Angkor Awakens

A nation split between past and future

Angkor Awakens Cambodia is a nation split between the past and the future; tending to the savage wounds wrought upon its people by the Khmer Rouge, whilst preparing for a bright future through a young and determined new generation. This deep and incisive portrait of a vibrant and bustling country moves through verdant hills, ancient stone steps and swarming metropolises to reveal a past full of violence and pain, but also a future of hope and expectation.

Nayan Chanda makes his way through liberated Phnom Pehn in 1979. The streets and houses are deserted, with tables still set for meals abandoned four years earlier. Suddenly he hears a loud noise from an upstairs bathroom: "the tap was left open in 1975, and that particular morning the Vietnamese had restored the water supply and that open tap was gurgling water." This deluge of water signals a new beginning for a country ravaged by years of brutal civil strife.

However, the wounds that the Cambodian people suffered at the hands of the Khmer Rouge were severe and not easily healed. Chhun Chenda Sophea describes how her father's death still haunts her today. "That was the last time I saw him. He screamed right through to the end. I still hear the screaming".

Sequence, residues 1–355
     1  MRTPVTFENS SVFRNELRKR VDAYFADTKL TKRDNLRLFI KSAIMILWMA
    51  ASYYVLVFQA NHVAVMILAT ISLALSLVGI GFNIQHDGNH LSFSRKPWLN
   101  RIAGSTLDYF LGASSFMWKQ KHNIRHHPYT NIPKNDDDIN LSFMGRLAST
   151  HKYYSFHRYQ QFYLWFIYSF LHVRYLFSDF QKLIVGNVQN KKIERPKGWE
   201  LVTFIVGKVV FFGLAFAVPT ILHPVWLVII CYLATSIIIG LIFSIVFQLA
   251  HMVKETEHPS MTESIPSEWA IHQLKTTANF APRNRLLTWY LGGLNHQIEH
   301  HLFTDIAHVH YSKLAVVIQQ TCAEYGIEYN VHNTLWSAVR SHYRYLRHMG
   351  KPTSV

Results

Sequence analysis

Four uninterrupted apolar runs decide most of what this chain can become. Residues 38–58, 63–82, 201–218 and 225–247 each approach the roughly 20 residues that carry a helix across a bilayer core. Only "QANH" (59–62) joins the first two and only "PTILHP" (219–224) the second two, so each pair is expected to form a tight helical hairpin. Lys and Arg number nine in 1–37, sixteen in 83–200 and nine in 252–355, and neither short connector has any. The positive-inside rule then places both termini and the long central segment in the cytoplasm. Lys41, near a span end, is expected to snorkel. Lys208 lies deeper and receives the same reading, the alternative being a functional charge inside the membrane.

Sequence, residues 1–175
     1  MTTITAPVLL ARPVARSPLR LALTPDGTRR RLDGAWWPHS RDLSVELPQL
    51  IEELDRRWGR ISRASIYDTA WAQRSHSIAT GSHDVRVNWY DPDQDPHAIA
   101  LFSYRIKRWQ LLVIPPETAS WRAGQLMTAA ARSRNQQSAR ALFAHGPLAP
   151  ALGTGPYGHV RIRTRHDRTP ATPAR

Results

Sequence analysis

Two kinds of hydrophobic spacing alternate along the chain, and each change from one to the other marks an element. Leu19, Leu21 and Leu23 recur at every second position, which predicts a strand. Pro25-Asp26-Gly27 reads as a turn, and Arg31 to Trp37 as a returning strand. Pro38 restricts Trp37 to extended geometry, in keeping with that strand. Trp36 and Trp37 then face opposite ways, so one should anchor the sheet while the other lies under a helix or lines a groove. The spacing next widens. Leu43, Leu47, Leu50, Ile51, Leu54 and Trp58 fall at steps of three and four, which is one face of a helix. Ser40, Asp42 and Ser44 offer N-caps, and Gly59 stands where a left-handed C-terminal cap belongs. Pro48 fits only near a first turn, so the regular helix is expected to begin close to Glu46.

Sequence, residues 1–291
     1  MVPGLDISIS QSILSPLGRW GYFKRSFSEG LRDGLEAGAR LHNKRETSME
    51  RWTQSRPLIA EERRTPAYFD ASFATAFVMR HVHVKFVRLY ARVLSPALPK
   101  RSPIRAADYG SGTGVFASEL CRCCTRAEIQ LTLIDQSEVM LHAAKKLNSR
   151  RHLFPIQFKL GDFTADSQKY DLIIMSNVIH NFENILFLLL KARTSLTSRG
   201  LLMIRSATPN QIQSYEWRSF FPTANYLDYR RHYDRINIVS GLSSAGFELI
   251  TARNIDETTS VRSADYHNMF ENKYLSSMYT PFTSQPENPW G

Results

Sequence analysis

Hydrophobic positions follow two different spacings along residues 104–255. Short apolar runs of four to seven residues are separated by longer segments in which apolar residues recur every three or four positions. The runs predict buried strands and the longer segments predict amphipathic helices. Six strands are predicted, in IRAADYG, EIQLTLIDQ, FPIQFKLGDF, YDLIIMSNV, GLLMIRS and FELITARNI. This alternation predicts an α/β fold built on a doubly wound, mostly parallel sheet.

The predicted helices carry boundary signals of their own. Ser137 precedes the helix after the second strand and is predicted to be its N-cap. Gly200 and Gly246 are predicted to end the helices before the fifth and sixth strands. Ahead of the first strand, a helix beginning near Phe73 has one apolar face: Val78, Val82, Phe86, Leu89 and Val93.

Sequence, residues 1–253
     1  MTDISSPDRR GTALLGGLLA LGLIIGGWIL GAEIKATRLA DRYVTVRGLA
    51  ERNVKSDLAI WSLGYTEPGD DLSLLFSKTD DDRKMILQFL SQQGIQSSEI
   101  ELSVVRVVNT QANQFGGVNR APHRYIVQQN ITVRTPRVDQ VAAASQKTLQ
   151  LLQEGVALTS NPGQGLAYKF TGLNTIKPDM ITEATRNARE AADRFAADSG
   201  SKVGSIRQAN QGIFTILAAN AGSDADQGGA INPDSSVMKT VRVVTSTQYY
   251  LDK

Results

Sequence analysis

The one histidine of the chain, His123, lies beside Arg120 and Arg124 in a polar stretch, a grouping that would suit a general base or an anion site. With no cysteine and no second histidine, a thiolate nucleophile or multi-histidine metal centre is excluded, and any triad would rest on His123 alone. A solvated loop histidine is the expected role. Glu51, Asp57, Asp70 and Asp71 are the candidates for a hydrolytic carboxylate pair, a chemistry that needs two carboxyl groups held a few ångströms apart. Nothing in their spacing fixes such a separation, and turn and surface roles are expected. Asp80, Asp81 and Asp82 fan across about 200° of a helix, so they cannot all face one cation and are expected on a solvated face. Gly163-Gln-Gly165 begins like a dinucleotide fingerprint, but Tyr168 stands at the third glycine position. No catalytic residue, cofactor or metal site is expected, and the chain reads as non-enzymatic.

For many survivors of the tyranny of Pol Pot, the pain is too much to discuss openly​. Consequently, there is a generation of young Cambodians with limited awareness of the suffering of their mothers and fathers. "We don't know who we are - what happened to our parents". Others worry about the potential effects of this collective amnesia: "if you try to deny the past, if you don't understand how you got here, it will happen again."

The film makes clear that this painful history does not start with Pol Pot, but has its origins in the indiscriminate bombing of the country by the United States during the Vietnam war as well as the deeper legacies of French colonial rule. The legacies of this history play out day by day in the minutiae of expressions and words exchanged by the Cambodian people as they go about their daily lives. But flowing through the streets is a young generation agitating for progress, democracy, and prosperity: "The next generation cannot wait. They want [our country to] change, and we have to otherwise there will be another revolution."

Reviews and More

''a blistering account of Cambodia's painful past" - New York Times

"Angkor Awakens... has undeniable power" - LA Times

See here for an interview with director Robert Lieberman on the plight of Rohingyans.


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